The Correspondence of Thomas Wolfe and Homer Andrew Watt

The Correspondence of Thomas Wolfe and Homer Andrew Watt

The Correspondence of Thomas Wolfe and Homer Andrew Watt

The Correspondence of Thomas Wolfe and Homer Andrew Watt

Excerpt

Thomas wolfe was an instructor in English in the Washington Square College of Arts and Science -- then called simply Washington Square College -- of New York University from February 6, 1924, to February 6, 1930.

The chairman of the Department of English in Washington Square College at that time was Professor Homer Andrew Watt.

On January 10, 1924, Thomas Wolfe, then a graduate student in Professor George Pierce Baker's 47 Workshop at Harvard University, wrote to Professor Watt asking for "employment" as a teacher of English. January was still young, and Wolfe dated the letter 1923 instead of 1924. He said that he had had no experience as a teacher and some day he hoped to write successfully for the theater and do nothing but that; but he promised that if he were offered the chance to teach English he would give "the most faithful and efficient service" of which he was capable.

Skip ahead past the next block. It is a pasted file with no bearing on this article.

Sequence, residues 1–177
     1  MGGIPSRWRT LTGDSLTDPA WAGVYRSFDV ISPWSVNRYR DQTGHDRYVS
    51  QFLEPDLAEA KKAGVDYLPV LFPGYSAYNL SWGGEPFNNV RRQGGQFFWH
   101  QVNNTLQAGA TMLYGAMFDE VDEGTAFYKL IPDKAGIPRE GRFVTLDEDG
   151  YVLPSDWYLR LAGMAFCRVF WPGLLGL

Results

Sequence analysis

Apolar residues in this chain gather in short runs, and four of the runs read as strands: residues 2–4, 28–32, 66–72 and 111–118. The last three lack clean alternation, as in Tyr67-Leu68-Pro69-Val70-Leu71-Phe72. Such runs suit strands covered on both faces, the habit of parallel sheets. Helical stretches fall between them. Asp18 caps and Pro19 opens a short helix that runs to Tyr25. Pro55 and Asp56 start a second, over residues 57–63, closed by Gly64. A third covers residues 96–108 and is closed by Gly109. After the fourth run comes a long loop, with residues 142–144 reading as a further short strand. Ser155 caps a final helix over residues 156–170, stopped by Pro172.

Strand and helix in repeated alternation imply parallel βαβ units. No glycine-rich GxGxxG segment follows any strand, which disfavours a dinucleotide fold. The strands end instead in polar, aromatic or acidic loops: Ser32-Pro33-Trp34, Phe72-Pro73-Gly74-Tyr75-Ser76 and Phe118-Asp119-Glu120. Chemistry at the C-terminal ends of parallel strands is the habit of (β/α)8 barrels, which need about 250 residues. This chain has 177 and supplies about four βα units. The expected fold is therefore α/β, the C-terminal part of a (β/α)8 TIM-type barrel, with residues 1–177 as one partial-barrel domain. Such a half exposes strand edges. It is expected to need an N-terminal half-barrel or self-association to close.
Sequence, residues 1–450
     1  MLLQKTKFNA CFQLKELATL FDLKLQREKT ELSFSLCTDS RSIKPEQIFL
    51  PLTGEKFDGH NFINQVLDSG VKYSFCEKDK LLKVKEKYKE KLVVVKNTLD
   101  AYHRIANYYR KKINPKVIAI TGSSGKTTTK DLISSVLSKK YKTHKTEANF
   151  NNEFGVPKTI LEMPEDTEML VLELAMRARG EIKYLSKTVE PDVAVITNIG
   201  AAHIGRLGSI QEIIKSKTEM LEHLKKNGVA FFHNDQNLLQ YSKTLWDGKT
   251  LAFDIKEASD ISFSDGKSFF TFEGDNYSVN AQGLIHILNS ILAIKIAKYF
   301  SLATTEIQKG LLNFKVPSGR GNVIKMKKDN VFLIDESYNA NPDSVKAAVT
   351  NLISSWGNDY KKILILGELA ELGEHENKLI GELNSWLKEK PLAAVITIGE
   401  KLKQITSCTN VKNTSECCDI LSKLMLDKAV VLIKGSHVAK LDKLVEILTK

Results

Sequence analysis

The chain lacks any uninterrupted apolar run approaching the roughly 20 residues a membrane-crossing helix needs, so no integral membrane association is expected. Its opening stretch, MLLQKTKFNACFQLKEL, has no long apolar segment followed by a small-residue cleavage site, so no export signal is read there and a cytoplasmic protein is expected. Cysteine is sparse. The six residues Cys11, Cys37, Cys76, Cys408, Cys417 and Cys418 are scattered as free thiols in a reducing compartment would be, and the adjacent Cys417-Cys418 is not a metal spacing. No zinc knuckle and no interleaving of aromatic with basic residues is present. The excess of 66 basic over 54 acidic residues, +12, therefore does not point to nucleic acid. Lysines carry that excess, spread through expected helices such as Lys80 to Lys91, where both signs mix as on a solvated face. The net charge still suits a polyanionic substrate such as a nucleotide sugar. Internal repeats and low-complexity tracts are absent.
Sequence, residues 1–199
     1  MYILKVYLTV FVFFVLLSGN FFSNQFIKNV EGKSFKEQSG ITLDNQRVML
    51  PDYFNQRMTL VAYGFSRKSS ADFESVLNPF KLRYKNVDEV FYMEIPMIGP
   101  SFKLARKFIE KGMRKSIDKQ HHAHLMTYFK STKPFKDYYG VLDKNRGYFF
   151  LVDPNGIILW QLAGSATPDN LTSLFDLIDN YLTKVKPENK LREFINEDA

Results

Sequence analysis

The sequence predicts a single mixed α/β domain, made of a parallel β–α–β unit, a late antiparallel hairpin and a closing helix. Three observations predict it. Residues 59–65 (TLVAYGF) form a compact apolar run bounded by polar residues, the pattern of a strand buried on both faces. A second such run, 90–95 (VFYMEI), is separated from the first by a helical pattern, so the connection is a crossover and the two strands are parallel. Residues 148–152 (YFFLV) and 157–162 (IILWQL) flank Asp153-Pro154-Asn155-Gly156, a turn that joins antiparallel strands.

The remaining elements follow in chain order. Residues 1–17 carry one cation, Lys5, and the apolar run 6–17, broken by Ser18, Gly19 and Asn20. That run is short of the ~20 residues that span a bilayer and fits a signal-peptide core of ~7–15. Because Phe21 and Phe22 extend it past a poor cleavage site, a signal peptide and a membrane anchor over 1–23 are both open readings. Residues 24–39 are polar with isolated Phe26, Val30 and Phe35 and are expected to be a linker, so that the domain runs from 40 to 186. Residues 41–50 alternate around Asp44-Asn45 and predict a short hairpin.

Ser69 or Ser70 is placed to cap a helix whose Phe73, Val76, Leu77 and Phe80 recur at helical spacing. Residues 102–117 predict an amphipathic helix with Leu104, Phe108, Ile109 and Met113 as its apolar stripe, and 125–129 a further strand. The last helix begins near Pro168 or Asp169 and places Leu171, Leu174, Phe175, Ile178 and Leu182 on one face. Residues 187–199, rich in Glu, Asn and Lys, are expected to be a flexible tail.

Dr. Watt liked Wolfe's letter and his references and offered him an instructorship in English for the spring and summer terms of 1924 beginning on February 6 at a salary of $1,800. He also told Wolfe that he thought he would like him. This proved to be true, and in the next six years Homer Watt went well beyond the call of his duty as a departmental chairman to make it possible for Thomas Wolfe to have a teaching position when he needed one and to avoid teaching when he needed the time more. It is of course now part of the literary history of the 1920's and 1930's that during the next few years the young instructor in English -- who really did . . .

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